Back on the road and looking for adventure...
After a 10 day rest in Valencia, Spain to let my broken foot heal, we were ready, more than ready to get back out on the road. We decided to head south along the coast with a little mountain climbing mixed in. Our original route we had planned would take us high up into the mountains, but as we realized on the first go, it is quite cold in the mountains in Spain, especially this year and almost all the small villages we planned to resupply in, were closed down for winter. So we took the coast.
The first stretch leaving Valencia and headed to the city of Gandia, was beautiful with a winding path right along the ocean front of the Mediterranean. From Gandia, we took a hiking/mountain biking route up into the mountains called Via Verde del Serpis, all the way to Cocentaina. We passed an incredible amount of unfriendly middle-aged-men riding down the hill past us and collected all their valuables they dropped on the trail behind them; a cell phone, headphones and money. It was an eventful day with spectacular scenery. We did have to work for it, however and after riding the following day into the town of Ibi, we were at over 3,000ft in elevation and it was freezing.
Riding out of Ibi, we dropped all the way back down to the coast to the big coast town of Alicante and took a day off to see the city and walk along the malecon. The following day we rode to the outskirts of Torrevieja, where we stayed a night with Ville's good friend from Finland's parents, Hessu and Sirkkis, who were renting a place for a couple months to soak up the sun and golf every day. Sorry Jazzy J we didn't get to see you, but we enjoyed hitting the nightclub with your Mom and Dad. The following morning, we scored some goodies in a Finnish market in downtown Torrevieja and had a pretty crappy ride through a bunch of greenhouses to the next big coastal city of Cartagena (we chose the 'car route' instead of 'biking route' on the GPS and learned the hard way that the slower route was far better even if it was slower, interesting and quite often took us to places fit more for hikers than fully loaded mountain bikes). We took a day off in Cartagena to walk around the city, see the ruins and drink our Lonkero drinks (Finnish beverages of gin and grapefruit juice) on the oceanfront.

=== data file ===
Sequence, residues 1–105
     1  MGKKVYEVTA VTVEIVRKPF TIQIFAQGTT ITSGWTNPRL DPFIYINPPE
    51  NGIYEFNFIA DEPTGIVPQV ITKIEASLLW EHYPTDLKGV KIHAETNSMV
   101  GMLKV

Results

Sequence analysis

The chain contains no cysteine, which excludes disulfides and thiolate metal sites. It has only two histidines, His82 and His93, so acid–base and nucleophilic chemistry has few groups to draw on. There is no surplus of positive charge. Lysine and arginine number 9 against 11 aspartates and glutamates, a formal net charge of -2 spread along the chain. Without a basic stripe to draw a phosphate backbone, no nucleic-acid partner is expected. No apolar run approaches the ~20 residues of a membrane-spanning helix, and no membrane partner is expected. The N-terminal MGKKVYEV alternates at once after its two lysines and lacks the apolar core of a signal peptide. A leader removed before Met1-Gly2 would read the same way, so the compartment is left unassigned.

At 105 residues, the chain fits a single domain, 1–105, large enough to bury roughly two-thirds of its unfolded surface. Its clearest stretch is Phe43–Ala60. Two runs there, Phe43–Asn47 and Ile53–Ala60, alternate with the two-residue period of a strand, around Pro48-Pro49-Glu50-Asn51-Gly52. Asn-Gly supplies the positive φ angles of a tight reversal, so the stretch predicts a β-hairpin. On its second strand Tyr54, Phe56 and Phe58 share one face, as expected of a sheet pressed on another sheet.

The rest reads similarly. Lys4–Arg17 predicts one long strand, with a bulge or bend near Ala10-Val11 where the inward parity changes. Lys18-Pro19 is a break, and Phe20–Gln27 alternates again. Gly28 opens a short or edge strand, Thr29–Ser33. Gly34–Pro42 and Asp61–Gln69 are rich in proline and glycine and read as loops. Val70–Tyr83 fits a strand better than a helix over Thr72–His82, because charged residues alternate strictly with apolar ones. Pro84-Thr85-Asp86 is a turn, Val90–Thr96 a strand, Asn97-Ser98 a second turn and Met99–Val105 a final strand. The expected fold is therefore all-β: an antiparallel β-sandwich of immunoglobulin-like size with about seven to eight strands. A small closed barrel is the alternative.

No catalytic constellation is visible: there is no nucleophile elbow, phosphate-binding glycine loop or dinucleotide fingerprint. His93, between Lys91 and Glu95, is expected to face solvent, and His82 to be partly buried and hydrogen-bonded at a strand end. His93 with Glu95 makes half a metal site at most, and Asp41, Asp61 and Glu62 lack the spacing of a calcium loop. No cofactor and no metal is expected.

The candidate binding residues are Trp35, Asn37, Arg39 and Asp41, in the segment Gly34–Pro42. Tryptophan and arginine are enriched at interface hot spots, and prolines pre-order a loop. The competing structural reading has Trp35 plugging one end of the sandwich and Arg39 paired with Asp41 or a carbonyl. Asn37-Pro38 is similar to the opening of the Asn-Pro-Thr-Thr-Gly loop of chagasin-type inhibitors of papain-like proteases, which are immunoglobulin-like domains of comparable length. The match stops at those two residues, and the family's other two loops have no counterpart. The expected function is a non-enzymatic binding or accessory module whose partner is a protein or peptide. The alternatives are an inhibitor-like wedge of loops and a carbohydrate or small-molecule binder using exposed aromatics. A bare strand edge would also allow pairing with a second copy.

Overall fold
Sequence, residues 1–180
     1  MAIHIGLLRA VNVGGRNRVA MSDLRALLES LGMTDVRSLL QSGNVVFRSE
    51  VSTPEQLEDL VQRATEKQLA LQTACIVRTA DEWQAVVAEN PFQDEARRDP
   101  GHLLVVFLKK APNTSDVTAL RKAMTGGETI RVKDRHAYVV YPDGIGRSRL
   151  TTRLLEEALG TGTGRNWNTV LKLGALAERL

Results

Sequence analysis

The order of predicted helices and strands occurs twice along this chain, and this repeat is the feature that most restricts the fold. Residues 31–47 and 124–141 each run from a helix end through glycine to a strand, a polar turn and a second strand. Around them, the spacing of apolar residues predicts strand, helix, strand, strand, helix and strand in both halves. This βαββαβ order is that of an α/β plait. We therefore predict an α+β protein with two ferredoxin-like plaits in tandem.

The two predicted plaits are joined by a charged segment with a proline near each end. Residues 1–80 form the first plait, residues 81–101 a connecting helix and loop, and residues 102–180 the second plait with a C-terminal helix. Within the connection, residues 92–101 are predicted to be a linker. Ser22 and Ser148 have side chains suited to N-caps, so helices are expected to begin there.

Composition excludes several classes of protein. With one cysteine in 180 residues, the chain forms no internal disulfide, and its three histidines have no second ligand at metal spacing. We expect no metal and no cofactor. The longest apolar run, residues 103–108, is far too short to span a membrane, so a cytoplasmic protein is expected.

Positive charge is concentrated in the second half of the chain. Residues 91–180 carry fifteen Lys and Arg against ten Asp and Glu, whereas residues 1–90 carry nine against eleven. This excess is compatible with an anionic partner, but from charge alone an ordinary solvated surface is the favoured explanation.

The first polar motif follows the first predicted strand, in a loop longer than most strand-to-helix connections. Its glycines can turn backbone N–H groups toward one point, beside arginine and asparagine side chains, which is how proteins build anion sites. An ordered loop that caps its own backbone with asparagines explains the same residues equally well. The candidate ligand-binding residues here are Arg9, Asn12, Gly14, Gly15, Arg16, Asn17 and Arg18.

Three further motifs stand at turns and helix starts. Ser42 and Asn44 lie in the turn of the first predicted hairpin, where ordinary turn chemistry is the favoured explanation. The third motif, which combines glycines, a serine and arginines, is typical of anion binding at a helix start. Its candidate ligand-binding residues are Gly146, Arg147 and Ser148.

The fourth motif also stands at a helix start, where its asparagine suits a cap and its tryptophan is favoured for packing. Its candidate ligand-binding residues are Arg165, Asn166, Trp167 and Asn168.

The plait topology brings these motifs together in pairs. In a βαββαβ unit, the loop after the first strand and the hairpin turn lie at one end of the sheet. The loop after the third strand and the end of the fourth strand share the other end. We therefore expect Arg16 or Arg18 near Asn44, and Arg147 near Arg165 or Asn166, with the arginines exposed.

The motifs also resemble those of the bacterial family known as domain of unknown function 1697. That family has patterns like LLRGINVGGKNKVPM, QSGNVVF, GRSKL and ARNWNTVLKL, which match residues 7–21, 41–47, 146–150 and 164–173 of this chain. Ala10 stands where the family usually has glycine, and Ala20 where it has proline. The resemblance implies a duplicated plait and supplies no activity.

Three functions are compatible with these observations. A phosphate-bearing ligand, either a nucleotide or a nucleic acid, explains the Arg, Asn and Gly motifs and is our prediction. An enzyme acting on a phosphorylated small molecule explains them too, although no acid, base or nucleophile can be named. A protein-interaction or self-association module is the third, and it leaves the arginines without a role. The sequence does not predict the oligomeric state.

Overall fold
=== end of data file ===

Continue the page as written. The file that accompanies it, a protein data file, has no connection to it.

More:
The next morning, we climbed up out of Cartagena and things became more interesting. It was a long, slow climb over the coastal mountains and when we dropped back to the coast at the town of Isla Plana, the weather was much warmer, the town's architecture was more beautiful and expats from Central Europe were everywhere. Until then, the winds we battled everyday were fairly fierce and we had been riding in two layers of clothes to stay warm, even climbing! And the architecture of apartments, storefronts and buildings were not what I had pictured Spanish architecture to look like, we had been passing more skyscrapers that were all shuttered and looked abandoned. Every town, village and city we had passed though looked apocalyptic. This being our first time to Spain, we were not quite sure if it was because of COVID and the lack of tourism or if it was normally like this in the winter, but we have been told it is a bit of both. Once, we arrived in Isla Plana and headed south, we found the tourists, en masse. Lots of German and French license plates passing us and we hear there are lots of Central Europeans that live along the Spanish coast in the winter.
For those who don't know, Spain is one of those "siesta countries" and for those that didn't follow along on our ride through Argentina (another "siesta country"), we are not the biggest fans of them. For a touring cyclist who needs to stick to the riding schedule of daylight hours, it is a nightmare. There do not appear to be regular scheduled business or working hours here, one day a cafe will be open at 9am and the next day, maybe noon? Siesta is from around 3 pm until 8 or 9pm, so you better not show up at that time and expect to find anything open to get food. What is siesta you might ask? Siesta is time for everyone to go home and eat lunch and take a long nap. We say "Buenos Dias" to all the people we pass, some say it back, others do not. Since this is a more touristy coastline and not more of a remote route, we don't find the same friendliness from the locals we might if we were off the beaten path. But we can understand that, it must be hard for the local Spaniards to have an overwhelming amount of tourists descend on these small villages, wanted or not.